Do superfoods really make your body healthy?

What do you think of when you hear the term ‘superfoods’? You might have heard about it at least once in your life. The term ‘superfoods’ first originated from a publication in the early 20th century, and the first superfood was bananas. During World War I, America started to import a lot of bananas. Many nutritionists also started to describe and praise bananas’ advantages. After a while, due to their praise, people of all ages recognized bananas as good and healthy food and consumed them tremendously. Since then, in the 21st century, more foods have been recognized and called superfoods, such as blueberries, salmon, broccoli, kales, and more. In addition, people can now access news about superfoods everywhere besides magazines, blogs, and videos. Then what is the precise definition of superfoods? According to the Merriam-Webster dictionary, they are foods that are rich in compounds considered beneficial to a person’s health. However, its definitions vary from source to source, and there is no clear scientific evidence of superfoods’ effects and influences. This ambiguity of superfood makes people continue to change their perception of superfood. Moreover, if one food is regarded as a superfood, some people tend to trust and consume that food unconditionally. Recently, many food industries have used a marketing method by saying their products are superfoods with unclearness and consumers’ complacent faith in them.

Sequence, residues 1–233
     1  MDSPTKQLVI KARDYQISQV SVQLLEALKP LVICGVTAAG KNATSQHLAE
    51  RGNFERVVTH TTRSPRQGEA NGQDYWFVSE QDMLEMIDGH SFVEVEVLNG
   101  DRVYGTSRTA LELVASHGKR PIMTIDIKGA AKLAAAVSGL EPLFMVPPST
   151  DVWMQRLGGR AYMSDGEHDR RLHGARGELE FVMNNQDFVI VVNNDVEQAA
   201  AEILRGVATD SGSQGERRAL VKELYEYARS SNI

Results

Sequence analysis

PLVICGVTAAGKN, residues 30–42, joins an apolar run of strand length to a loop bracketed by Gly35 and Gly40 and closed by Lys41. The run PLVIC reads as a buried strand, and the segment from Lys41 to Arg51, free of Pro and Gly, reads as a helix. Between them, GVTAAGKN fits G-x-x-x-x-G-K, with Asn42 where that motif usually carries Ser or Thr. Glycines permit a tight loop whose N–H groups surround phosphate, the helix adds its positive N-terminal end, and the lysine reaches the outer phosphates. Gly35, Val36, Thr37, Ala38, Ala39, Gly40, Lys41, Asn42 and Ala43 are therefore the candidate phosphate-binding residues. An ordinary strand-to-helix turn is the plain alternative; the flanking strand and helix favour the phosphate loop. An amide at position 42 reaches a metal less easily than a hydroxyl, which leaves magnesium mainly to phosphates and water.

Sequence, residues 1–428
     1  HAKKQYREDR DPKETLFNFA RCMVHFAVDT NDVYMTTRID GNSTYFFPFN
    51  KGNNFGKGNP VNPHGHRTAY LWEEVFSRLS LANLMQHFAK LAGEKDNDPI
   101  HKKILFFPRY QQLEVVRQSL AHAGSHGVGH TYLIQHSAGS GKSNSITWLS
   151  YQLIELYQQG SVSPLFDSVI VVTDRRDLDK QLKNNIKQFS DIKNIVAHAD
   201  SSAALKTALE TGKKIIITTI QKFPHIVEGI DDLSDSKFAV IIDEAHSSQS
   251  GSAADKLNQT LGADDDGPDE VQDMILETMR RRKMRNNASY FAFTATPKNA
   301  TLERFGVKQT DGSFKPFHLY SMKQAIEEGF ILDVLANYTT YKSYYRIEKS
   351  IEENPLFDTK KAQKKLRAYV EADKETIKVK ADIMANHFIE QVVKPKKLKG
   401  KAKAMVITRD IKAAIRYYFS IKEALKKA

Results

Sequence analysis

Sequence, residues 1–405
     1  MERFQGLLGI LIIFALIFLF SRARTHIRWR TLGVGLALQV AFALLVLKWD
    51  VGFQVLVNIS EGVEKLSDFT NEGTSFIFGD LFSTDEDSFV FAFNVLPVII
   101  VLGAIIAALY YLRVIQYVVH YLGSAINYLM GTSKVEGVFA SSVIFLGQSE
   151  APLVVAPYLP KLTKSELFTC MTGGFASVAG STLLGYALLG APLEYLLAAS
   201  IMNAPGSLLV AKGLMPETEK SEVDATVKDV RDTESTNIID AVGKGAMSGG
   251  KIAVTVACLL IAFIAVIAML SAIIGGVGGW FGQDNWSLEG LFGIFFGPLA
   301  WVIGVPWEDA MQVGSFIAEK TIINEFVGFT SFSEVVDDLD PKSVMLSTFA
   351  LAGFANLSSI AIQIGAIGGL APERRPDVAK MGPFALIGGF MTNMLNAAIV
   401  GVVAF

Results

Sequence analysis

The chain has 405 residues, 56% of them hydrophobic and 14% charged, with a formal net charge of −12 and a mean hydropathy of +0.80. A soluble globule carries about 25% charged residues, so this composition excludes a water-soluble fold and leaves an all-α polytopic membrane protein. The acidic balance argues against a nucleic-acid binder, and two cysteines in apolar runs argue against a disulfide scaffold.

Instead of heavily relying on superfoods, it might be better to seek ways to become healthy through a healthy diet and meals.

By: Hanseul Chang